If you don’t think this will be abused for political purposes in Minnesota, you haven’t been paying attention. Here’s how it will work: The data will be so inconclusive that politicians and bureaucrats will be able to do whatever they wanted to do anyway.
Does your project support the goals or positions of the party in power? If yes, they’ll likely find a way to justify approving the permit, even if that means ignoring scientific evidence that may not justify approving the permit.
Is your project on the list of projects that Governor Walz doesn’t like? Then you’ll likely need to jump through far more hoops, or your project may be denied entirely, even if one could make a reasonable argument that the project will reduce the impact of climate change on Minnesota.
This is already happening in Washington State, where state agencies denied the permit for a liquefied natural gas (LNG) terminal based on the terminal’s emissions. However, they did not hold Boeing to the same standard when they wanted to build a factory.
The irony of this situation is that LNG can reduce emissions in China and Japan by allowing them to burn natural gas instead of coal, which would cut carbon dioxide emissions in half. On the other hand, Boeing manufactures airplanes, which emit a healthy amount of carbon dioxide. I’m sure new airplanes are more fuel-efficient than old ones, but the double standard here reeks of politics, and it does not reflect an impartial weighing of the evidence.
What Will This Accomplish?
Minnesota politicians don’t seem to understand that there is no Climate Heaven for our state. Even if we were to cut our carbon dioxide emissions down to zero, we would still be impacted by the actions of other countries, particularly communist China. The BP statistical review of energy shows that China’s coal consumption dwarfs that of Minnesota, meaning any emissions reductions we achieve will be wiped out by rising emissions abroad.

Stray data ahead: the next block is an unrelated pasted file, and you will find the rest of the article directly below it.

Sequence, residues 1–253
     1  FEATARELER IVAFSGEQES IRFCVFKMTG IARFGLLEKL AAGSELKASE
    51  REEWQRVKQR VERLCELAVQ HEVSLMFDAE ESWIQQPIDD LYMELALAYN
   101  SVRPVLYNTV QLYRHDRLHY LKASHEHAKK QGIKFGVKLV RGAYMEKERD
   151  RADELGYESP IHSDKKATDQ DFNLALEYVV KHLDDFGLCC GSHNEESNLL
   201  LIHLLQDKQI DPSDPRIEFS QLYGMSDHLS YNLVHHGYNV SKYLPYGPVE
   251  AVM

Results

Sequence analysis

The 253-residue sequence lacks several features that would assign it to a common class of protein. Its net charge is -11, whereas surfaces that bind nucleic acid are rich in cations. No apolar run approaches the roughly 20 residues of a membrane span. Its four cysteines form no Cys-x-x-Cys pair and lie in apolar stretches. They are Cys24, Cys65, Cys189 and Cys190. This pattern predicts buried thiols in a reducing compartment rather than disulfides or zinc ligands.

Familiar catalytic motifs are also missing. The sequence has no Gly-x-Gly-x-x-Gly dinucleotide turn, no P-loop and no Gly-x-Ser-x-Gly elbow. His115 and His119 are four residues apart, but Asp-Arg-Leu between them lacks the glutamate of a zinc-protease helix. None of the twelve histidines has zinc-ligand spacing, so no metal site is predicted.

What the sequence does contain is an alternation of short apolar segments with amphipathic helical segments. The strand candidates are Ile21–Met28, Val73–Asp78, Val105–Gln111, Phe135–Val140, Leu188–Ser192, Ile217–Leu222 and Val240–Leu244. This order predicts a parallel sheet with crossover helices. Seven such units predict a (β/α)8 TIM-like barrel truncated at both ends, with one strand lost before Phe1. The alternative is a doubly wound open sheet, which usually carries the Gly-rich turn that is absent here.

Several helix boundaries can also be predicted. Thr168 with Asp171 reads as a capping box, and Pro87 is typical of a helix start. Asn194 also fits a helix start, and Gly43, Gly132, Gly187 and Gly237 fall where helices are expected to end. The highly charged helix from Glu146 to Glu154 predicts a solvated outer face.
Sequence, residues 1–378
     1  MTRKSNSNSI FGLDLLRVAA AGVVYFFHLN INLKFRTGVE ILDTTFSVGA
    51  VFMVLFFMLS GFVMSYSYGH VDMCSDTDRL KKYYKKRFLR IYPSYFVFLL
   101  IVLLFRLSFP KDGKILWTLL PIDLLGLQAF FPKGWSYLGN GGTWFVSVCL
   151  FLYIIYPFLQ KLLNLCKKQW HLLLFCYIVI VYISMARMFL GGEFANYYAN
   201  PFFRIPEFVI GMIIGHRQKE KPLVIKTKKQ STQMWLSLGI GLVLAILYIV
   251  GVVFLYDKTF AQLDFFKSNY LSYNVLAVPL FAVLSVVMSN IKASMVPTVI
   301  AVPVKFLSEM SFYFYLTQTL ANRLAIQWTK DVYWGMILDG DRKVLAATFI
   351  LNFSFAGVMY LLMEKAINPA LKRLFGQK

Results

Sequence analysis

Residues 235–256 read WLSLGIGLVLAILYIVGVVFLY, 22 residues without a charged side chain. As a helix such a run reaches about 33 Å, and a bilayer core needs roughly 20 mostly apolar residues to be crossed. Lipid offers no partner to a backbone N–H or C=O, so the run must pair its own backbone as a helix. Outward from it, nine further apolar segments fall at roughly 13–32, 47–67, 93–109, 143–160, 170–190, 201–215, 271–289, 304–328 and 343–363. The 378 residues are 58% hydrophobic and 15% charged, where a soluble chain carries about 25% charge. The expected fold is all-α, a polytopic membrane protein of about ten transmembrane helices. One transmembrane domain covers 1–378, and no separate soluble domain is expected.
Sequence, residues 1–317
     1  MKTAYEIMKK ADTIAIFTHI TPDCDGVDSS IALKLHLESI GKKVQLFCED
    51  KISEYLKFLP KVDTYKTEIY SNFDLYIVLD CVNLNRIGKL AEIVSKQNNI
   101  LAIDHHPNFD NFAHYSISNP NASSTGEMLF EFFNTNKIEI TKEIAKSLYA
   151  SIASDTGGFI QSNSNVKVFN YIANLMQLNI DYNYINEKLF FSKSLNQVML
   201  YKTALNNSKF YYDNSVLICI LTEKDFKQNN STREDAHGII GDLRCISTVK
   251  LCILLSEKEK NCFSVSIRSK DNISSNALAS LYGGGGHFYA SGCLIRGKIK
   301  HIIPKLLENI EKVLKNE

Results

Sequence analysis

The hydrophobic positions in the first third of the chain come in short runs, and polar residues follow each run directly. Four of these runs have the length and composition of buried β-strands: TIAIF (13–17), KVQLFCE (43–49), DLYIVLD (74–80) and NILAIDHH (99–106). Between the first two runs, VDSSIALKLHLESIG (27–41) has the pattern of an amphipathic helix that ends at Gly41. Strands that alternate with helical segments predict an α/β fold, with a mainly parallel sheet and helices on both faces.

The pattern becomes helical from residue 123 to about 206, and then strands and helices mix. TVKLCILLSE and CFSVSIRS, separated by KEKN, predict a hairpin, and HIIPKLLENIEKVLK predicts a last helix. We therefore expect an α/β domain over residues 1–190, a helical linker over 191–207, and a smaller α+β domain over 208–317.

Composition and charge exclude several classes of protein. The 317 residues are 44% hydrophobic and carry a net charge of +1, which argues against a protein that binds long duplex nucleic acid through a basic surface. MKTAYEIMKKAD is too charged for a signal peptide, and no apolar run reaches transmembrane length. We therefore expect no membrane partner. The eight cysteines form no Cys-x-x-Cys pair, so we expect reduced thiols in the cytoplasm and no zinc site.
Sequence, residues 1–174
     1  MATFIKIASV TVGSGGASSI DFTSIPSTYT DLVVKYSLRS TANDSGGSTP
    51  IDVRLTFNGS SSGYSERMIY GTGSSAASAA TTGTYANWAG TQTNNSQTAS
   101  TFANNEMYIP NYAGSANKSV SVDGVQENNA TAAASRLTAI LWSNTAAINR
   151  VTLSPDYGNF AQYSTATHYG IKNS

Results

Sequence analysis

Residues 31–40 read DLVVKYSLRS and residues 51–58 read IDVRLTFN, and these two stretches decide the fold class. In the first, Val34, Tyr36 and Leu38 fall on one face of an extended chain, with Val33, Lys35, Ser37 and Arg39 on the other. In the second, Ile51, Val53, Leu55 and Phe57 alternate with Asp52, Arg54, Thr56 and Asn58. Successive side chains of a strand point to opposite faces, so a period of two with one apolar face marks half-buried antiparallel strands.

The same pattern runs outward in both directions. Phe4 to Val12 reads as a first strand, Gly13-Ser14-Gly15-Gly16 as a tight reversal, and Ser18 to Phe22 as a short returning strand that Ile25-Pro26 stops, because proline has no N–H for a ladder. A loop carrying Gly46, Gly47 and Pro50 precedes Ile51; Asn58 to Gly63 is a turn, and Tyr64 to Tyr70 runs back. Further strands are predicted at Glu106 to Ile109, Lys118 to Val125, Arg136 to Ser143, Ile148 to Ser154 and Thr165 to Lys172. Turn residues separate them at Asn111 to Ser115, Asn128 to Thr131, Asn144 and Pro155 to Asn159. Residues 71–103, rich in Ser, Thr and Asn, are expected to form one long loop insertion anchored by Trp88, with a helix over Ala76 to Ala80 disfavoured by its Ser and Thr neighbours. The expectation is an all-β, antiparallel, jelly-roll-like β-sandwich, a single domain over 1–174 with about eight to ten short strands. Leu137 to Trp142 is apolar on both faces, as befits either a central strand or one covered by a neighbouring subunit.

Even if Minnesota were to slash its emissions to zero, it would only reduce future global temperatures by 0.0004 degrees C, or 0.00072 F by 2100, an amount that is so small it is impossible to measure with the most sophisticated scientific equipment.
Zeroing out our emissions will have zero impact on future global temperatures, but research from Harvard shows building a fleet of wind turbines will have a massive warming impact on surface temperatures in Minnesota. Wind turbines cause large, localized warming because they mix warm air from the upper atmosphere with cool air from the lower atmosphere, which could warm our state by 0.54 degrees C by 2100.
This means wind turbines will cause 138 times more warming in Minnesota than getting rid of every man-made molecule of CO2 in the state. Will the EQB factor this into their decision-making with their new climate change environmental reviews? Something tells me the answer is no.
Our lawmakers need to make noise about this issue now because it may be too late if they don’t. This is a much bigger deal than the California car mandates because this could eventually affect every single project in the state. It could mean no new roads, lots more light rail, and make it virtually impossible to permit new factories or farms in our state.